Thomas Favre-Bulle / flickr.com/ https://creativecommons.org/licenses/by-nc/2.0/

President Donald Trump’s pick to head the Department of Education is a conservative fundraiser and vocal critic of traditional public schools. While Betsy DeVos’ nomination could mean drastic change for some states, she has already made her mark on Florida’s education system.

Myers Park
Kate Payne

The joint Tallahassee-Leon County Planning Department is keeping all options open as it considers redeveloping part of the historic Myers Park neighborhood. But some residents are still anxious about the proposal.

Consolidated Dispatch Agency
Kate Payne/ WFSU

The Consolidated Dispatch Agency is agreeing to pay $950,000 to the estate of a slain sheriff’s officer. The family of Deputy Chris Smith sued the CDA and local governments after he was ambushed and killed in the line of duty in 2014.

David Richardson / http://www.davidforflorida.com

An openly gay Florida lawmaker is advocating for a new strategy to pass legal protections for lesbian, gay, bisexual, transgender and queer people in the state. Under Florida law, LGBTQ people can legally be denied employment, housing and public accommodations. For years Miami Beach Democratic Representative David Richardson has been trying to pass a comprehensive bill to change that, but he believes lawmakers should take a new approach.

Suwannee River
Lee Reed

After years of debate, state regulators have approved a water sharing plan for the Suwannee and St Johns River basins. But conservationists argue the deal doesn’t do enough to protect Florida’s natural resources.

Destin
Phil Horton via flickr / https://www.flickr.com/photos/plh9026/

A philosophical debate is taking shape in the Florida Capitol about what role the government should play in the economy. How lawmakers come down on economic development programs could have real consequences for Governor Rick Scott’s top priorities.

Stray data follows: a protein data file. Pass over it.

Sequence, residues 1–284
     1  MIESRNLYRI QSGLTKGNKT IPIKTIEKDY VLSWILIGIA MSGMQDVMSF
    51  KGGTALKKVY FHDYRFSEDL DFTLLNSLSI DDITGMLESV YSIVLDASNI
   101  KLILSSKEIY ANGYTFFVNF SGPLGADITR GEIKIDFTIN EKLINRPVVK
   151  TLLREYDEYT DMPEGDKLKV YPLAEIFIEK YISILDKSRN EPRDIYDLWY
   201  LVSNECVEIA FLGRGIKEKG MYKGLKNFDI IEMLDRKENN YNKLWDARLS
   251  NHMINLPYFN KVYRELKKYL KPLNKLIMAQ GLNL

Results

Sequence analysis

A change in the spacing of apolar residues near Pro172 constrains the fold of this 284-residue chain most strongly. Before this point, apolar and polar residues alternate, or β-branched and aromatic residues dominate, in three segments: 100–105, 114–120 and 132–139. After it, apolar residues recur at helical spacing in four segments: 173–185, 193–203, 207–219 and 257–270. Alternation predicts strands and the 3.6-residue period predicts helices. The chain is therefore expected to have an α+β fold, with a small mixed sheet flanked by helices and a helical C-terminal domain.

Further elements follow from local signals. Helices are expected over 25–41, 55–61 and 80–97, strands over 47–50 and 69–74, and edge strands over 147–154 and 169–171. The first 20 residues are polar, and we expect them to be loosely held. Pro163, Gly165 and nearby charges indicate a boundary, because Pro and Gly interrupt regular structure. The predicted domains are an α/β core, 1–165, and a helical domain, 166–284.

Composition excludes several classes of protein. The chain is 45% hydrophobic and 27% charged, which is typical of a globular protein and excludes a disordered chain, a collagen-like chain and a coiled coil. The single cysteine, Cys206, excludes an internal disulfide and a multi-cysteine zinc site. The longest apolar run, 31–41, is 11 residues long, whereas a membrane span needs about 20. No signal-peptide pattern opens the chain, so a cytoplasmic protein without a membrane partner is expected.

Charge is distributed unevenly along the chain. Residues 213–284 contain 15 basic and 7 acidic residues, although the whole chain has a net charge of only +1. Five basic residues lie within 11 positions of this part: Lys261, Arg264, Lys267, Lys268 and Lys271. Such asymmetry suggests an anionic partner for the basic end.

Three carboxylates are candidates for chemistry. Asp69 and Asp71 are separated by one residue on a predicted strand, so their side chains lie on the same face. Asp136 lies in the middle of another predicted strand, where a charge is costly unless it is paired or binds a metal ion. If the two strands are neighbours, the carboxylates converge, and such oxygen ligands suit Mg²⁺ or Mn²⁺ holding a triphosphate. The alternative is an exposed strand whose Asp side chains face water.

Jaro Larnos via flickr / https://www.flickr.com/photos/jlarnos/

On paper, Florida’s economy has recovered since the great recession. But that progress isn’t obvious looking at the state’s public assistance enrollment.

citrus growing
Boston Organics / http://bostonorganics.com/

Despite a decade of bad harvests, a Florida lawmaker says the state’s signature industry is recovering. Growers are optimistic new genetically engineered trees will survive the deadly citrus greening disease.

Visit Florida / http://www.visitflorida.com/en-us.html

The state’s publicly funded tourism agency has a new director. The leadership change comes as state lawmakers begin debating whether Visit Florida, and similar agencies, should exist at all.

Tony Vincelli via flickr / https://www.flickr.com/photos/42957538@N03/

After experiencing the death of his grandparents, a South Florida lawmaker wants to the change how patients are treated at the end of life. 

Florida State University Office of the President / http://president.fsu.edu/